ROBS vs. SBA Loans: Pros and Cons

The biggest challenge prospective entrepreneurs have is how they’re going to finance their new business. It takes money to make money, so business owners often turn to help from a lender to kickstart their company. However, loans aren’t the only funding option available. Rollovers as Business Startups (ROBS) are another way for business owners to capitalize their startups using existing retirement funds.

When considering SBA Loans vs. ROBS financing, you should weigh the benefits and drawbacks of each so that you make an informed decision.

Benefits of ROBS

The ROBS funding program lets you access personal retirement funds from a previous employer’s 401(k) plan. Rolling those funds over through ROBS is not a taxable distribution and there is no penalty. ROBS isn’t a loan, either, which means it comes with zero interest and is a great debt-free way to fund your small business.

Unlike some loans, ROBS doesn’t limit how you can spend the money. Business owners can allocate funds toward equipment, real estate, operational overhead and paying employees—including yourself.

ROBS also has the benefit of being fast funding. Loans can take months to process and be approved, while ROBS can be set up in a matter of weeks. This allows entrepreneurs to move quickly on business opportunities.

ROBS considerations

If your business closes (and you don’t sell it, your assets, etc.), the retirement funds you invested will not be recouped. However, the remainder of your retirement assets cannot be seized to satisfy and remaining debt (which is definitely a pro!).

Additionally, because of initial fees and set-up for a ROBS, you’re going to need to invest at least $50,00 upfront. Generally people who need less than $50,000 decide not to use a ROBS once reviewing the initial costs as opposed to taking a distribution or other method of funding.

Benefits of SBA loans

SBA loans are guaranteed through the federal Small Business Administration. This funding option offers some of the lowest interest rates available to prospective entrepreneurs. Traditional bank loans can be difficult to qualify for and often have less-appealing terms. This makes SBA loans a friendlier option for business owners with limited startup funds.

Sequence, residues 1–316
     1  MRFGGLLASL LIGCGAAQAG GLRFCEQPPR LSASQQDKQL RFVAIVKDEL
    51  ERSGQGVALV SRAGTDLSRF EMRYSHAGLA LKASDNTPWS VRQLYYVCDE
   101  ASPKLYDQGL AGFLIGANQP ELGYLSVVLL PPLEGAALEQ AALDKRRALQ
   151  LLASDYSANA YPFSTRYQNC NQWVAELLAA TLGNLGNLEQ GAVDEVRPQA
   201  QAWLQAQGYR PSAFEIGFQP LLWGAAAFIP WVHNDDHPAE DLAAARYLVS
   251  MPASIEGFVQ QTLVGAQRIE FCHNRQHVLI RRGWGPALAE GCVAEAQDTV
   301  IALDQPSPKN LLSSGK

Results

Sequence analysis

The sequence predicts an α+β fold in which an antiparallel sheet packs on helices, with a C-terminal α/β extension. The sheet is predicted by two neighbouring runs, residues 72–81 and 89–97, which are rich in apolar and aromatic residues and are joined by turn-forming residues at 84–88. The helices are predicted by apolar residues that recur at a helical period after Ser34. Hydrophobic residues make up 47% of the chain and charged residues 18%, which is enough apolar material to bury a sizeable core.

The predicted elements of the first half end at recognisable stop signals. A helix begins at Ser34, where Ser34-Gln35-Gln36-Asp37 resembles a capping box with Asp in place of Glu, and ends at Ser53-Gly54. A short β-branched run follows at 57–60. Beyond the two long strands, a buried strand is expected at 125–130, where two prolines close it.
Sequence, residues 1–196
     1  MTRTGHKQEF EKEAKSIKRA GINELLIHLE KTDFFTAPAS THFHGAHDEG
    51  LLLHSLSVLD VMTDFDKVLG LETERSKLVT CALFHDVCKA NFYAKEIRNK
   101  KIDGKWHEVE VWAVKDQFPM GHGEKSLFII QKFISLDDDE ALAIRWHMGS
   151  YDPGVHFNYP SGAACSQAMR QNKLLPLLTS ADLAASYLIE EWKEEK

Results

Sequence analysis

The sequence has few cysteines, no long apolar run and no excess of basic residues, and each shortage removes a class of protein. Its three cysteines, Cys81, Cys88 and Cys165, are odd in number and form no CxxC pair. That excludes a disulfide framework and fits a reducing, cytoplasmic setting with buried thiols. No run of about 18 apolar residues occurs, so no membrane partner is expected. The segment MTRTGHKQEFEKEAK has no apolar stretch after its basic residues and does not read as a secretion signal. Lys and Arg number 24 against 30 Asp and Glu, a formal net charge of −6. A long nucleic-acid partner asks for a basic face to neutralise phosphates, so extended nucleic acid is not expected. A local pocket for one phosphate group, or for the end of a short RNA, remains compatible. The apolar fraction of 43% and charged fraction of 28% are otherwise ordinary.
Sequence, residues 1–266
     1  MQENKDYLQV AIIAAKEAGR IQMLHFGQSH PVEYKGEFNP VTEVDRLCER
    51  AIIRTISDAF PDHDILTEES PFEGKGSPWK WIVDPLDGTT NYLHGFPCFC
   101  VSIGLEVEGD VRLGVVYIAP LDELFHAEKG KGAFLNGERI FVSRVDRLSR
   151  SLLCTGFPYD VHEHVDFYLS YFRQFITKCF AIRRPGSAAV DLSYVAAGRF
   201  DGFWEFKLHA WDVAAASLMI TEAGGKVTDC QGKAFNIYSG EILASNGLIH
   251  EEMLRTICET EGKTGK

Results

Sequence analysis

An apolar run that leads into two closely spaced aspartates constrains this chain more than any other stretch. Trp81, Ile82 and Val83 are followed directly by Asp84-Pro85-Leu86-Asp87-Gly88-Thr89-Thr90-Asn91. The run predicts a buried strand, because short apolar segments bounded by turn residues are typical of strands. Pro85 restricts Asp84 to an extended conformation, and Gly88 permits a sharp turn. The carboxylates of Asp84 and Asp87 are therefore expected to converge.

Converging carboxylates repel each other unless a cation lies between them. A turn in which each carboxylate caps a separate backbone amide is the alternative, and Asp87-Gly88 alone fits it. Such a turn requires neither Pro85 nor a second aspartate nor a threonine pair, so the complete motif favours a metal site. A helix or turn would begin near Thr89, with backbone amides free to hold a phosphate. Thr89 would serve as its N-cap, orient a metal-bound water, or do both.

Business owners have numerous options for SBA loan amounts and repayment durations depending on their unique financial situation. The SBA has partnered with banks to support everyone from brand-new small businesses to more established corporations. No matter how much or how little money you’re starting off with, there’s likely an SBA loan that works for you.

Drawbacks of SBA loans

Even though SBA loan terms are hard to beat, using this funding option means interest and loan payments will become part of your company’s monthly costs.

Additionally, SBA loans usually require collateral. For this reason, business owners shouldn’t commit to an SBA loan unless they’re confident they can pay it off within the agreed-upon repayment terms. If the loan defaults, the resulting fees come straight out of your wallet or assets.

Collateral is not the only requirement, and your lender will discuss these with you. Paperwork–lots of it–is an inherent part of any SBA Loan process. Additionally, patience is key. SBA Loans don’t get approved or happen overnight. In fact, it’s not unusual for the SBA Loan process to take five to six months, or longer depending on real estate. If you need money fast, or don’t have the patience to work the process as set forth by the lender, an SBA Loan is likely not going to work for you.

Customize your small business financing

Contrary to popular belief, you don’t have to choose between ROBS or an SBA loan. Many entrepreneurs utilize both financing options simultaneously to launch their small business.

Tenet Financial Group can help create a financing plan that allows your small business to reap the benefits of both funding options while avoiding potential pitfalls. Contact us to learn more!